The good news is…the enhanced capitalization regulations that were enacted last year have changed. On November 24, 2015, the IRS announced that they were simplifying the paperwork and recordkeeping requirements for small businesses by raising from $500 to $2,500 the safe harbor threshold for deducting certain capital items.
As you may remember, new regulations were finalized in 2013 that explained when you could deduct amounts paid to acquire, produce, or improve tangible property and when those amounts must be capitalized. Compliance with those regulations became mandatory starting with tax years beginning after Dec. 31, 2013, or in other words, with your 2014 tax return.
The regulations set forth the general rule that amounts paid to improve a unit of property must be capitalized. An improvement is defined as an expenditure that betters a unit of property, restores it, or adapts it to a new and different use. On the other hand, the regulations allow a current deduction for repairs and maintenance to property or for amounts paid to produce and acquire materials and supplies that are consumed during the year. Units of property with an economic useful life of no more than 12 months qualify as materials and supplies under this rule.
The regulations also allow a taxpayer to deduct certain limited amounts paid for tangible property that are expensed for financial accounting purposes. The amount of this safe harbor depends on whether the taxpayer has an applicable financial statement (AFS). An AFS can be a certified audited financial statement that is used for credit purposes, for reporting to partners, or for other non-tax purposes. A taxpayer with an AFS may rely on this de minimis safe harbor if no more than $5,000 per invoice, or per item as substantiated by the invoice, was paid for the property.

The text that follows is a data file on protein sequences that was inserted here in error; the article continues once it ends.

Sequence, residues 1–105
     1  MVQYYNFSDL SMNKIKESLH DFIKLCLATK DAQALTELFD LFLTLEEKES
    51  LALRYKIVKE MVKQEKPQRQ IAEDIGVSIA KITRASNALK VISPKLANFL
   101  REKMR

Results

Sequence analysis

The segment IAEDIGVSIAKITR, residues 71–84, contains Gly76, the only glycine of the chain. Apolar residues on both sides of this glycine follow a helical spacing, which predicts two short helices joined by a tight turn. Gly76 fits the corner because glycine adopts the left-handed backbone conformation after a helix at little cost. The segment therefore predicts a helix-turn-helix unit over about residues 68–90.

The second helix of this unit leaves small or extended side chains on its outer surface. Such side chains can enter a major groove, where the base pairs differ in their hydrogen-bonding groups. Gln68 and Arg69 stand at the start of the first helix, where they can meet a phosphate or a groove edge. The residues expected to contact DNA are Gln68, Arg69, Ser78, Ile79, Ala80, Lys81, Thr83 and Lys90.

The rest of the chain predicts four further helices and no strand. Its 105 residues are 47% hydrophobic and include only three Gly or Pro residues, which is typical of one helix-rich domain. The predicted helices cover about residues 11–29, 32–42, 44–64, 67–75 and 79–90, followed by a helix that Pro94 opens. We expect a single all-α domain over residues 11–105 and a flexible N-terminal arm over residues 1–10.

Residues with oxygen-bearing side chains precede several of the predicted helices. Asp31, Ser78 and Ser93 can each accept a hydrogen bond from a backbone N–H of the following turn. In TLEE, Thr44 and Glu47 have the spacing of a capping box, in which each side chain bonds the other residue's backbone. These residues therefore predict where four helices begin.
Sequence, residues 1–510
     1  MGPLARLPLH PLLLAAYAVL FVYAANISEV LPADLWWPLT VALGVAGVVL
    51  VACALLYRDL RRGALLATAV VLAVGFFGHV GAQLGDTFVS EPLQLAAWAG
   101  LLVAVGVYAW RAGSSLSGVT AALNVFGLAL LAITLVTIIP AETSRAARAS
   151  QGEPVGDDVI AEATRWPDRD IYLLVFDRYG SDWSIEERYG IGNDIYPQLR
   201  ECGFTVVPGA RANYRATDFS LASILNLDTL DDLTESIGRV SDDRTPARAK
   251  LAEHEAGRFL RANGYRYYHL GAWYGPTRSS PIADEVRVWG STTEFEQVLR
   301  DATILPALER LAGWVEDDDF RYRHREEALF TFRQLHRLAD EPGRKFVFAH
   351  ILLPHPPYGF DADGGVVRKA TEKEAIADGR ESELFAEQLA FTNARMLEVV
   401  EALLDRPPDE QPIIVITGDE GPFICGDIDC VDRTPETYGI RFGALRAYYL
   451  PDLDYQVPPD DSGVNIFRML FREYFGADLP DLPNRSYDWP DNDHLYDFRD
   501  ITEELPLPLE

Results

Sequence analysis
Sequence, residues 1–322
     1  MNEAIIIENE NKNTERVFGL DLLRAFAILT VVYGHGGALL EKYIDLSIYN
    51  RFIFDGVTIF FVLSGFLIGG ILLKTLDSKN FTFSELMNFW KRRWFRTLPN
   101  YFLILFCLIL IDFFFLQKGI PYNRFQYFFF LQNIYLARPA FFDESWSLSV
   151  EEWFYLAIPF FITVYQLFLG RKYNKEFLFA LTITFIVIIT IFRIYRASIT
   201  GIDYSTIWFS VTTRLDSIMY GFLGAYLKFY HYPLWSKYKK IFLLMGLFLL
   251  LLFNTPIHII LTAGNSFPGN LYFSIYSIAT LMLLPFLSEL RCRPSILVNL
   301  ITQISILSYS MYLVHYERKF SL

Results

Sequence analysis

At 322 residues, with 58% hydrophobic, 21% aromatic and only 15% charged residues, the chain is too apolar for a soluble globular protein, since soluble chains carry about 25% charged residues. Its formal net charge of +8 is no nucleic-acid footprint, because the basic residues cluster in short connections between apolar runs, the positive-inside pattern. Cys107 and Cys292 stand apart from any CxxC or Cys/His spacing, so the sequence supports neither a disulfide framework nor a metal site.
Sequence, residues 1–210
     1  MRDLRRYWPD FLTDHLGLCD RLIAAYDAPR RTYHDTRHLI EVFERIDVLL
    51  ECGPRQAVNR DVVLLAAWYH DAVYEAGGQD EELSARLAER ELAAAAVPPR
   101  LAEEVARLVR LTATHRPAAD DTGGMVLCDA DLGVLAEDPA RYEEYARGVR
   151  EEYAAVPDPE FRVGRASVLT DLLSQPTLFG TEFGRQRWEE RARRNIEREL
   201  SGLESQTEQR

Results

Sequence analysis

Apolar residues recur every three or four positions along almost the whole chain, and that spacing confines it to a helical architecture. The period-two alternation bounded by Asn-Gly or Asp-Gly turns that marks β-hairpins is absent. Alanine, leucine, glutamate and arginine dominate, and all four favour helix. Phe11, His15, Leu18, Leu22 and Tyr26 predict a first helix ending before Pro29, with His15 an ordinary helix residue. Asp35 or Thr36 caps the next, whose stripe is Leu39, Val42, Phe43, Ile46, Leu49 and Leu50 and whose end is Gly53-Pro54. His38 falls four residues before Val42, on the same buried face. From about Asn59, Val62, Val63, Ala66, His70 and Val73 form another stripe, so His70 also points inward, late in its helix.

For businesses without an AFS, the regulations set the de minimis safe harbor at an amount not to exceed $500 or other amount as identified in published IRS guidance. The IRS has now published guidance raising this threshold from $500 to $2,500. This change is effective for years beginning in 2016 and after. However, the IRS has stated that they will not challenge the use of the new $2,500 threshold prior to 2016—as long as the taxpayer satisfies the safe harbor requirements stipulated in the regulations.
To take advantage of the safe harbor amounts, the regulations state that the business must have accounting procedures in place at the beginning of the tax year that treat as an expense amounts paid for property that either 1) costs less than a specified dollar amount or 2) has an economic useful life of 12 months or less. The taxpayer must also use these accounting procedures for all non-tax reporting as well, such as in its books and records or in other financial reporting.
The increase in this threshold creates an opportunity for many small businesses to simplify their accounting and possibly increase current tax deductions. We recommend that you either amend your current accounting procedures or adopt new procedures before the end of this year. We also suggest that you put it in writing. A sample policy has been blogged as well.